Lee dominates the novel, as he would in any accurate portrayal. His opposition to secession and slavery are generally accepted facts by all but the most extreme of today's commentators and historians. What is surprising that while Fleming is sympathetic to Lee, he raises the question whether the general, despite all his efforts to act honorably and legally, technically is guilty of treason.
I don't want to present all the arguments, as the give and take of the trial is what gives the novel its fire and high entertainment value. However, I can't forgo mentioning how the trial reveals the roles that pro-war newspapers and Northern supporters of proto-terrorist John Brown played in starting the war.
The point that media caricatures of leaders and issues can shape both events and the historical record is a worthwhile caution for today.
Not since The Day of the Jackal have I been in so much suspense over a story in which the ultimate outcome is certain. Anyone who is interested enough to pick up this book surely knows Lee was not hanged for treason. Still, the characters and scenario are so persuasive that the reader almost comes to believe a secret trial — or something like it — really took place.
Fleming is one of our most interesting and prolific historians, who is known equally for his novels and his nonfiction. His two most famous books are The Officer's Wives, a West Point novel, and Liberty, an illustrated Revolutionary War history that was the basis for the fine PBS series.
In the last 5 years, he has written an amazing array of books. In The New Dealers' War: FDR and the War Within World War Two he showed that the socialist domestic policies of New Deal extremists almost derailed the American war machine, and their utopian vision for post-war Europe led to FDR's public instance on a policy of unconditional surrender which crippled the German resistance to Hitler.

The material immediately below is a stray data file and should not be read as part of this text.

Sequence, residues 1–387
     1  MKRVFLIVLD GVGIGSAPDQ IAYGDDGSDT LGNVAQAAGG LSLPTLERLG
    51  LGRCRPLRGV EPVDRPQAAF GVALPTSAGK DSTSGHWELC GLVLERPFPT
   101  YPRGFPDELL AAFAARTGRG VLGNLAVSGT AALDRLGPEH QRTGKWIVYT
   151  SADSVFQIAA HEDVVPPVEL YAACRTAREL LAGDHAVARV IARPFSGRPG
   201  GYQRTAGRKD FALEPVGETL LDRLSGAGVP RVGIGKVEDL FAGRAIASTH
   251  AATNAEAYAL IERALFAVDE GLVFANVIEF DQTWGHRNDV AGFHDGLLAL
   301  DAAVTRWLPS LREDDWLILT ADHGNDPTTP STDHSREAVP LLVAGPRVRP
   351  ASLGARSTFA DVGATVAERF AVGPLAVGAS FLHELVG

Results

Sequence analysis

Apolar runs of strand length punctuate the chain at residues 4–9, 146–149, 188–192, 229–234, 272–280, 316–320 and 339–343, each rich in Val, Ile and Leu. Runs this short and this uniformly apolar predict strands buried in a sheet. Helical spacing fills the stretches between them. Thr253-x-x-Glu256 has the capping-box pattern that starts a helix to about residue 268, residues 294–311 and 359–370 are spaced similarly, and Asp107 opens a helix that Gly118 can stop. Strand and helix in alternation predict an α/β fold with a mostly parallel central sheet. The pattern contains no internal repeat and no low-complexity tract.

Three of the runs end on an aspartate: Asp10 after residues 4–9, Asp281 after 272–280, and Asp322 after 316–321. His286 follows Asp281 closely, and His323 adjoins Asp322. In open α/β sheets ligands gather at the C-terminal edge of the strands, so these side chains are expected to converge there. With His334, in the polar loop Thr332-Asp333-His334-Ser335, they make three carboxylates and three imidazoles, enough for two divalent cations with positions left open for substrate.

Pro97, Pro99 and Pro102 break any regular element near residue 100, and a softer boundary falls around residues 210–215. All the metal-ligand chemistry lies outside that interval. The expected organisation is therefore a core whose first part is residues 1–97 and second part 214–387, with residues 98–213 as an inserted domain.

In The Illusion of Victory, Fleming showed that WWI was really the American war of choice, insisted upon by a president who believed faulty intelligence (false British claims about German war atrocities, and the notion that the war was about to be won and American casualties would be very light) and who sacrificed a hundred thousand American lives for his grand vision of an international body that could bring about world peace. Instead, Woodrow Wilson helped set the stage for Hitler and WWII.
Since 2001, he has released a couple of Civil War novels, a tale about the wild and wooly early aviation business, a memoir about his father's involvement in Frank Hague's Jersey City political machine and, most recently, Washington's Secret War: The Hidden History of Valley Forge, in which he uncovered new evidence that Washington's greatest accomplishments at Valley Forge were the result of great political skill.
A revisionist historian in the proper sense -- not a purveyor of political correctness whose mission to impose modern liberal values on people from another time -- Thomas Fleming is a seeker of truth, and if the truths are hard, so be it. He is bracingly honest, unabashedly American and always worth reading.